The first step of this journey is to figure out how to get the data and effects from the hook into a class component.

Hooks can only be used in function components, so an option we have is to wrap the class component with a function component and pass in the required data as props.

import React from 'react';

class ClassComponent extends React.Component {
  render() {
    const { x, y } = this.props;
      
    return <div>Current Mouse Position: ({x}, {y})</div>;
  }
}

function WrapperComponent() {
  const { x, y } = useMousePosition();
  
  return <ClassComponent x={x} y={y} />;
}

export default WrapperComponent;

See the demo.

Realization 2: You can write a function that takes in a component and returns a wrapped one.

The next step is to make this wrapping generic so we can apply this hook to any class.

We can do this using higher-order components (aka HOCs). HOCs are functions that take in a component and return another component that wraps the input component. This pattern allows us to inject props to the input component from the wrapping component.

If the returned wrapper component is implemented using a function, then we can use hooks in there!

function withMousePosition(Component) {  
  function WrappedComponent(props) {
    const { x, y } = useMousePosition();
      
    return <Component x={x} y={y} {...props} />;
  }
    
  return WrappedComponent;
}

class ClassComponent extends React.Component {
  render() {
    const { x, y } = this.props;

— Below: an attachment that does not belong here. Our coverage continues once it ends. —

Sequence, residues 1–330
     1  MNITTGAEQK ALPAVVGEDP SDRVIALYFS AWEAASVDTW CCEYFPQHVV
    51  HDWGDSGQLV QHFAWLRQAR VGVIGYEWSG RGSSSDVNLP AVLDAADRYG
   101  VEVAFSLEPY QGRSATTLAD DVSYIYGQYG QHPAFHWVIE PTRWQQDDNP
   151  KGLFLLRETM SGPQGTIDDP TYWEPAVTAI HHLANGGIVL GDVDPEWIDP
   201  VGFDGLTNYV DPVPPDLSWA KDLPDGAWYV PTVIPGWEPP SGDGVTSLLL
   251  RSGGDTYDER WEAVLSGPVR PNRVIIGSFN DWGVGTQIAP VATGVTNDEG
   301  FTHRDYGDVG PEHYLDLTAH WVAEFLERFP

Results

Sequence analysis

return <div>Current Mouse Position: ({x}, {y})</div>;
  }
}

export default withMousePosition(ClassComponent);

See the demo.

Realization 3: You can write a function that takes in a hook and returns an HOC.

Can we take this idea even further?

Yes! Similar to how we wrote a function that returned a component, we can take it one step higher and write a function that takes in a hook and returns a higher-order component.

The next code block is the function hocify (that's HOC-ify β€” similar to the stringify or promisify conventions).

hocify is a function that takes in a hook and returns an HOC.

πŸ‘‡ Β hocify.js

import React from 'react';

function hocify(useHook) {
  function hoc(InputComponent) {
    function WrapperComponent(props) {
      const result = useHook();
      
      return <InputComponent {...result} {...props} />
    }
      
    return WrapperComponent;
  }
    
  return hoc;
}

export default hocify;

πŸ‘‡ Usage in ClassComponent.js:

import React from 'react';
import hocify from 'hocify';
import useMousePosition from './useMousePosition';

const withMousePosition = hocify(useMousePosition);

class ClassComponent extends React.Component {
  render() {
    const { x, y } = this.props;
      
    return <div>Current Mouse Position: ({x}, {y})</div>;
  }
}

export default withMousePosition(ClassComponent);

See the demo.

Note: It might be tempting to call hocify a "higher order hook" or some other mash-up of words but I would recommend refraining πŸ˜…

Realization 4: Wouldn't this thing be nice in a package?

Probably!

npm install --save hocify

Check out the library here: https://github.com/ricokahler/hocify

Last Note: There are a few considerations in the library not mentioned here.
Read the docs before using.

Thanks for the read!